Immunohistochemistry showed that the viral antigens and mRNA were mainly confined to large mononuclear cells, phenotypically consistent with macrophages. Macrophages represent the largest leucocyte populations in testis and epididymis [30,31] and were shown to be the primary target cells of ASFV [32]. Positive signals in both IHC and RNAScope ISH were also detected in epididymal halo cells. Halo cells are considered intraepithelial immune cells of the epididymal duct, but the exact immunological function of these cells is currently still controversial. Several data indicate that halo cells belong to the mononuclear phagocyte system (MPS) [33,34], while others refer to halo cells as T lymphocytes [35]. However, showing high consistency to our results Serre and Robaire [36] showed that halo cells are positive for CD68, a macrophage-specific protein, and recently it was postulated that these cells belong to the MPS, using RNA sequencing [33]. More specifically, halo cells are suspected to contribute to the immunological part of the blood-epididymis barrier [36,37,38,39]. Thus, they can play a crucial role in tissue specific pathogenesis, e.g., by creating proinflammatory environments and facilitating the disruption of barrier integrity.

4.3. ASFV Does Not Directly Infect Spermatozoa

Viral antigens were not detected by IHC or RNAScope ISH on the testicular or epididymal germ cell site. However, virus isolation was positive from epididymal sperm. Moreover, the detection of viral mRNA by RT-qPCR indicated the presence of productively infected cells in epididymal sperm. In part, this discrepancy might be explained by blood contamination, cell-free virus particles and/or few migrating infected cells.
In the present experiment, the animals were killed in the viraemic phase, but the disease would probably have taken an even more severe course. Thus, the question remains open as to how the further course of infection affects the distribution of the virus. The detection of viral antigens in halo cells and the signs of inflammation/vasculitis indicated that the integrity of the blood-epithelial barrier may have already been compromised. Especially in presence of systemic inflammation and viremia, the blood-testis/-epididymis/-deferens barriers depicted an insufficient compartmentalization, likely granting access to virions and infected cells [40]. For this reason, the possibility of long-term persistence of ASFV in the male genital tract should also be the subject of future investigations.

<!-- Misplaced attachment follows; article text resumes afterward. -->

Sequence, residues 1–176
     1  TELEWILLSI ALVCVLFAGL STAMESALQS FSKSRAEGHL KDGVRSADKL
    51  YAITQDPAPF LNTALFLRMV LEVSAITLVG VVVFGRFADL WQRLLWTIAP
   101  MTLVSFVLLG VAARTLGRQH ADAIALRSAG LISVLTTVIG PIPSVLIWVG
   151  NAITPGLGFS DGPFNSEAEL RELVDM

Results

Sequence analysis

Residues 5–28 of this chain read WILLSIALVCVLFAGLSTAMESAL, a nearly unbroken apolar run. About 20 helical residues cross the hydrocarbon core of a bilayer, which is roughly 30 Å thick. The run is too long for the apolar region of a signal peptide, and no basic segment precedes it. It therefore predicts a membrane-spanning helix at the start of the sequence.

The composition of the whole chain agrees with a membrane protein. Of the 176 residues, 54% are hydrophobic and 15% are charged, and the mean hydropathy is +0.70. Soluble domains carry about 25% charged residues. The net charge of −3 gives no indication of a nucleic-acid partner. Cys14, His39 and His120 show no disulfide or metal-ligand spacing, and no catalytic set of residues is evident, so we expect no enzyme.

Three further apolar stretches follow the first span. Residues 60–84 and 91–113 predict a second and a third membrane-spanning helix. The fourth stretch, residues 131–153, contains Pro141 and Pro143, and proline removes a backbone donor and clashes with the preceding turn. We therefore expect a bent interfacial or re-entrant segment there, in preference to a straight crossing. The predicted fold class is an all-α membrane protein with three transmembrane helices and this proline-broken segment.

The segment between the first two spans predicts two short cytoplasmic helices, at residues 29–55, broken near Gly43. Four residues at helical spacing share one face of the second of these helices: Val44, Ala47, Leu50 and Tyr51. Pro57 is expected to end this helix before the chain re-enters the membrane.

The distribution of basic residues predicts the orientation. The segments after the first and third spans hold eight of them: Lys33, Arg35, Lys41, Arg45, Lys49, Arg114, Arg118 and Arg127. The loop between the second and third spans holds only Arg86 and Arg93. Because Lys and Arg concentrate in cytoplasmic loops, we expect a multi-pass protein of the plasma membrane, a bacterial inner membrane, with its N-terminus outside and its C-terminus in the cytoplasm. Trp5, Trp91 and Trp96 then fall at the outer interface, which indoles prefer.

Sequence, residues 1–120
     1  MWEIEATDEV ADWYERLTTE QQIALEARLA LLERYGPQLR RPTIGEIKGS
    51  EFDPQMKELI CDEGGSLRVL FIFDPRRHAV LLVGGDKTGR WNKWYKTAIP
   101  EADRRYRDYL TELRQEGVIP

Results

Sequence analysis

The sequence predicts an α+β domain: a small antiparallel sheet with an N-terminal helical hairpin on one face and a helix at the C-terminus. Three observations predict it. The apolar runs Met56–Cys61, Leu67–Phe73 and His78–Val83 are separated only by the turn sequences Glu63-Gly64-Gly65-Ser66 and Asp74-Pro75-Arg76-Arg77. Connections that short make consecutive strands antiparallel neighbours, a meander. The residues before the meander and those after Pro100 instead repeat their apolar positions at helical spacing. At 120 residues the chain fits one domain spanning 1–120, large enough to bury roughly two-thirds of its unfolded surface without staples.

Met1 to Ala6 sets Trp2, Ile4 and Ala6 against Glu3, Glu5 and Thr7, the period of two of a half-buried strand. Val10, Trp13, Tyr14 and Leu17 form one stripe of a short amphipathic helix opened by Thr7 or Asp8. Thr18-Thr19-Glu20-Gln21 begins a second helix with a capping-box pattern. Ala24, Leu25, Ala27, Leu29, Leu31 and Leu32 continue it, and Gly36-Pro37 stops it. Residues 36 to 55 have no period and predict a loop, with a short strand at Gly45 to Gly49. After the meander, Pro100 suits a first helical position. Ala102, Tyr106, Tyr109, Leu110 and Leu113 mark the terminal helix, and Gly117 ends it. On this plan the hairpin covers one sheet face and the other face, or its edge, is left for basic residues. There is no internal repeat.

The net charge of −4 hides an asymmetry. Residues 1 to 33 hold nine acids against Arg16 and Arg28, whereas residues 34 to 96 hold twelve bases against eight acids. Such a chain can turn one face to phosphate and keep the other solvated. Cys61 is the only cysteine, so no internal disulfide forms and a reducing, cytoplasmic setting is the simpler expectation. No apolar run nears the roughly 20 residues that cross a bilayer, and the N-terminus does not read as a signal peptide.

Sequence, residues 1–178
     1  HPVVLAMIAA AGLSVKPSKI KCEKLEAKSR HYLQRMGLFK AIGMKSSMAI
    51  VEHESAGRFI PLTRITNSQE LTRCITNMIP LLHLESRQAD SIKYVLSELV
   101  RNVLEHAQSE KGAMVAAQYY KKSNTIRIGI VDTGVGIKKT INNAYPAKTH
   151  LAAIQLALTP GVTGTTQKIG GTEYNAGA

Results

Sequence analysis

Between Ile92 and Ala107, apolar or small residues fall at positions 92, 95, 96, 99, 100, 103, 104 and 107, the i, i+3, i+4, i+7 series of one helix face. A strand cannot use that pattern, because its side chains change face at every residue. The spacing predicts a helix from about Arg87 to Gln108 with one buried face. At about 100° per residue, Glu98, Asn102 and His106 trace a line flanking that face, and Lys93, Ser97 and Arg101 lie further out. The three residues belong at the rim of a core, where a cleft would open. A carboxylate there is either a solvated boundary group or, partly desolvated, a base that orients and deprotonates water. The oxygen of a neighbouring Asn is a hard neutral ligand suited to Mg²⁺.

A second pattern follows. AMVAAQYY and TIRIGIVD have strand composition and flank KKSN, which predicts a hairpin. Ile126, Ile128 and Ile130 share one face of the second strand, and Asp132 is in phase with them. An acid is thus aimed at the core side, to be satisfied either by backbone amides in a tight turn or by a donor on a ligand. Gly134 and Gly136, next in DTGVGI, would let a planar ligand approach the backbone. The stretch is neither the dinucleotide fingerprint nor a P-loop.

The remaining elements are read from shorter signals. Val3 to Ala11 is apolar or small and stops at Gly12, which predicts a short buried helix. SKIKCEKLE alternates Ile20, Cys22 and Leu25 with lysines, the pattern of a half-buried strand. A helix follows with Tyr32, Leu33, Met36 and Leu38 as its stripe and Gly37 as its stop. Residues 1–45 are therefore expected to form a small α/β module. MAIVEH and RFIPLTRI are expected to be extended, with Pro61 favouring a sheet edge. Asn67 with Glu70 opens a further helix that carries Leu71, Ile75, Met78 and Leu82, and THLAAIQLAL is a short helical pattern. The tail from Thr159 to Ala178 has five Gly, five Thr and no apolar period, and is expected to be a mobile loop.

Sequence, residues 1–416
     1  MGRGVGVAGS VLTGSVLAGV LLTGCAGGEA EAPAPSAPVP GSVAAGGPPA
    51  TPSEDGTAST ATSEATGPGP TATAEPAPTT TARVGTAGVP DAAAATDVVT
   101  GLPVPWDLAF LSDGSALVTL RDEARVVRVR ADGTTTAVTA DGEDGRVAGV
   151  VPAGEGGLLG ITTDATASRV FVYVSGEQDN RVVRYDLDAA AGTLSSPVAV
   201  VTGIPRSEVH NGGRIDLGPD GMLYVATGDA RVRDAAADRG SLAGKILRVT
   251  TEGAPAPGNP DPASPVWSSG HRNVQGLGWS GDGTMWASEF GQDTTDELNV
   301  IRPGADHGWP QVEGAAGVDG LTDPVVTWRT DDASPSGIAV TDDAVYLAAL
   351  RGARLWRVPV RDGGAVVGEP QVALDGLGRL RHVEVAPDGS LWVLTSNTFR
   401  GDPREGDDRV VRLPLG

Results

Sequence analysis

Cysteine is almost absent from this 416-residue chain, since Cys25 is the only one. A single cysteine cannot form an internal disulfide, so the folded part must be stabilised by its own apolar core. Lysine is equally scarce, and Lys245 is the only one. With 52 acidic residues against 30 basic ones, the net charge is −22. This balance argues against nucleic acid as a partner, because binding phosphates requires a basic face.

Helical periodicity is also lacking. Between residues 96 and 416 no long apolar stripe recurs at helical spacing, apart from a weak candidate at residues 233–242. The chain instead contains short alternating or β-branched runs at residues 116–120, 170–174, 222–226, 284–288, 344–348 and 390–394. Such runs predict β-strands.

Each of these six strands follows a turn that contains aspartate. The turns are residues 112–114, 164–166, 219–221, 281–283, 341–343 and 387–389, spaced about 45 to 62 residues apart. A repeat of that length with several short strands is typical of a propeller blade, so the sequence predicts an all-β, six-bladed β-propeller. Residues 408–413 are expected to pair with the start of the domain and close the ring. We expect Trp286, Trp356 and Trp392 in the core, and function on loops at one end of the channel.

With regard to sperm, our EM analyses of in vitro ASFV-inoculated sperm samples points to a low or non-existent susceptibility of mature spermatozoa. However, non-sperm cells were infected, and cell-free virus particles were obvious. Boar sperm always contains seminal plasma and a small fraction of other cells [41], including blood-derived leukocytes that could act as source of infectivity. As entry sites for blood-derived leukocytes, the rete testis and accessory sex glands, particularly the prostate, are suspected [41,42,43]. Consequently, ASFV shedding into sperm might be linked to spermatozoa-accompanying cells and fluids. The same pattern is seen with the Porcine reproductive and respiratory syndrome virus (PRRSV), where round cells were identified as a virus source. Christopher Hennings et al. [34] postulated that PRRSV entered boar semen through replication in reproductive tissue macrophages that became infected upon the viraemia-associated systemic distribution of infected monocytes. Inflammatory processes in the male genitals would most probably lead to higher entry into the sperm.

5. Conclusions

Based on our results, it must be assumed that transmission of ASFV via the sexual act or artificial insemination might be possible.
African swine fever in the wild boar population is particularly relevant in Europe. It should also not be ignored that male animals that survive the infection participate in the reproductive process, and that prolonged virus replication in the male reproductive organs, e.g., after initial loss of integrity, may be a problem in maintaining chains of infection.